Carrie Nation

Carrie Nation
Carrie Nation was an immoderate figure in the temperance movement, decades before the United States government enacted the Volstead Act. The Volstead Act resulted in the prohibition of alcohol in the United States in 1919. Unfortunately, she died in 1911, a few years before her dream of alcohol prohibition would come to fruition.

Carrie Amelia Moore was born in Kentucky, in Garrard County in 1846. She spent most of her early life battling health issues and constantly moving with her parents, as they had suffered many financial issues. The family finally settled in Belton, Missouri. When the Civil War started, the family moved several more times before finally settling in Kansas City, Missouri. Carrie Nation helped nurse wounded soldiers after a Civil War raid on Independence, Missouri.

In 1867, Carrie married her first husband but left him shortly before their daughter was born because of his rampant alcoholism and her estranged husband died a few months later due to complications of his alcoholism. In 1872, Carrie Nation received a teaching degree from the Normal School in Warrensburg, Missouri. With that degree, she taught school for four years in Holden, Missouri. In 1874, Carrie married a man named David Nation. He was a preacher, a lawyer and a journalist.

The two of them and their children, all born of previous marriages, moved around a lot after they purchased a cotton plantation and it failed, as neither one of them knew anything about growing cotton. They moved to Texas in 1877 where her husband David began practicing law and they ran a hotel there together. Then she would buy a hotel in Richmond, Texas and would run that for the next ten years. Then in 1889, the Nations would move to Medicine Bow, Kansas, where her husband took a job as a preacher there. It was also here that Carrie would begin her charitable work, helping those in need, especially women and children. It was here that she earned the moniker, Mother Nation. It was here in Medicine Bow, Kansas that Carrie Nation opened a chapter of the Women's Christian Temperance Union, or WCTU, for short. The WCTU was instrumental in getting Kansas to pass an alcohol prohibition law. Missouri passed a similar law but left it up to the counties in the state whether they wanted to go dry or not.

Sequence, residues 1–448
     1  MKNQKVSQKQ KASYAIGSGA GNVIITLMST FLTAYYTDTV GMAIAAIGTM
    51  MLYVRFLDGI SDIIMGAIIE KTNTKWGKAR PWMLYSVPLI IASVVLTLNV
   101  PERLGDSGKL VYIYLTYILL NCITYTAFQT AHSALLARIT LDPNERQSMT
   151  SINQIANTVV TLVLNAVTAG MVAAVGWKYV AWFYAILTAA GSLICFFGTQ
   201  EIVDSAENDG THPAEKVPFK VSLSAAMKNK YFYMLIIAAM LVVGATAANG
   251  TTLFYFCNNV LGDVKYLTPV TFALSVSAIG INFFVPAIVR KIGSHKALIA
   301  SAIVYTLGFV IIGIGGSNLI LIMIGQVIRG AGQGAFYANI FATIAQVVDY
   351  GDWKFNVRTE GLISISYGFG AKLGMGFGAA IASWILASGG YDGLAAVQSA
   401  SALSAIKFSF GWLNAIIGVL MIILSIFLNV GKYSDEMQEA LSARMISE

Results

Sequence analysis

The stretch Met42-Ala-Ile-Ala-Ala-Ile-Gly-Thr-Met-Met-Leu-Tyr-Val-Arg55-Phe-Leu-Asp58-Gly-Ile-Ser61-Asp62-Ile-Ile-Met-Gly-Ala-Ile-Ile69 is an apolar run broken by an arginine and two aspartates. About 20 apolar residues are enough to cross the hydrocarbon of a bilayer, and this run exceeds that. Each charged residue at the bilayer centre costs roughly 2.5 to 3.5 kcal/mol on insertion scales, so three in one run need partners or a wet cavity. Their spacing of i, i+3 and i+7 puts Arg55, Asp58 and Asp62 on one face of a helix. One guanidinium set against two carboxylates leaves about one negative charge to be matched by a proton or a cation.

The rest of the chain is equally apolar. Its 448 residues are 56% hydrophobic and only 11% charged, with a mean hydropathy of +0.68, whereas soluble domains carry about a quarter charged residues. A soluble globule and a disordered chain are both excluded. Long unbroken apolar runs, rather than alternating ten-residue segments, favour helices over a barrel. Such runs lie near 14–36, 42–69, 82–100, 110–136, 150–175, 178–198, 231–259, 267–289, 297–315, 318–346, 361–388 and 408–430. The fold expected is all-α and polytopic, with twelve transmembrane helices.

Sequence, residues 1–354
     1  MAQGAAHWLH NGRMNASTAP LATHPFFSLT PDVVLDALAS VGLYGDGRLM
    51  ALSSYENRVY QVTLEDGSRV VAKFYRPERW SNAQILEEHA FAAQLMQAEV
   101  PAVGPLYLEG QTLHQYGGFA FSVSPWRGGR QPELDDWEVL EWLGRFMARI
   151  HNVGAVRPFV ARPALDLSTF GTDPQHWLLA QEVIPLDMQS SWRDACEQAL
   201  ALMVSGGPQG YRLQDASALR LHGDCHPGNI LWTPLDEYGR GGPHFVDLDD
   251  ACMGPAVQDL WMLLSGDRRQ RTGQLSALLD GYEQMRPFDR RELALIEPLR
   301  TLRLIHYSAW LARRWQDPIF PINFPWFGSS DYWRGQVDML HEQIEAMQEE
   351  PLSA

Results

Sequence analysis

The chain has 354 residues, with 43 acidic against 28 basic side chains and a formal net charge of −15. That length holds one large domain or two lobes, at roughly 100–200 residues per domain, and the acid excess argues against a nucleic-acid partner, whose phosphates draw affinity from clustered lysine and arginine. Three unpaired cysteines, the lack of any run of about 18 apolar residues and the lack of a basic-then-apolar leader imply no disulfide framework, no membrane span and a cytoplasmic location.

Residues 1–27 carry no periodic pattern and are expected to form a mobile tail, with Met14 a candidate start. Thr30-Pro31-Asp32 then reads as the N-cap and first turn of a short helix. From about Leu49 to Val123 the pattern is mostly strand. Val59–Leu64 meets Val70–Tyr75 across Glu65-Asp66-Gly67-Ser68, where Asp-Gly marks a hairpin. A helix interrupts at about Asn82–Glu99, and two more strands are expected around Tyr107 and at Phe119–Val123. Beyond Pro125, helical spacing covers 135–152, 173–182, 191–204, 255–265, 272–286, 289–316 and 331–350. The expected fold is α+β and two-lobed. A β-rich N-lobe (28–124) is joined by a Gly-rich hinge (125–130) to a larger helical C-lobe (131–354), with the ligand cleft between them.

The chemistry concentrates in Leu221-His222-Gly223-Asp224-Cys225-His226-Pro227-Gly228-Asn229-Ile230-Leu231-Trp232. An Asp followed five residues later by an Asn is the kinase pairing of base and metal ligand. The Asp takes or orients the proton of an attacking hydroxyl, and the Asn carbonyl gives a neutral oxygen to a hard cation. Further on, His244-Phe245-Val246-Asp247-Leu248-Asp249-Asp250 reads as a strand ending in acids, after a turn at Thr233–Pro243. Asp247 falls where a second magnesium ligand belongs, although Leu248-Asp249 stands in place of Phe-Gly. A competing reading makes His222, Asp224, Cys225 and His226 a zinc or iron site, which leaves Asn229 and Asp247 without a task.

A few illegal bars in Medicine Bow, Kansas remained in operation until Carrie Nation and the WCTU stood out in front of these establishments and prayed loudly and sang hymns. Finally, all the bars in Medicine Bow, shut down. It wasn't until 1900 when she said that she received a calling from God to go to Kiowa Kansas and start shutting down bars there as well. This time however, she didn't stand outside and pray or sing. This time she went into the bars with bricks and rocks and began throwing them at the stock behind the bar. During her crusade, someone handed her a hatchet and she began to swing this in bars and smashed things with it. No one would stop her because she was six feet tall and weighed 180 pounds. Some said that she looked like a monster when she was ranting and swinging the hatchet around.

In 1901, her marriage failed and Carrie began selling little hatchets as souvenirs to make money. She had been beaten and jailed many times during her bar smashing days and unfortunately, Carrie Nation died in 1911, a few years before her dream of a dry country would come true.

Related Articles
Editor's Picks Articles
Top Ten Articles
Previous Features
Site Map

Content copyright © 2023 by Vance Rowe. All rights reserved.
This content was written by Vance Rowe. If you wish to use this content in any manner, you need written permission. Contact Clare Stubbs for details.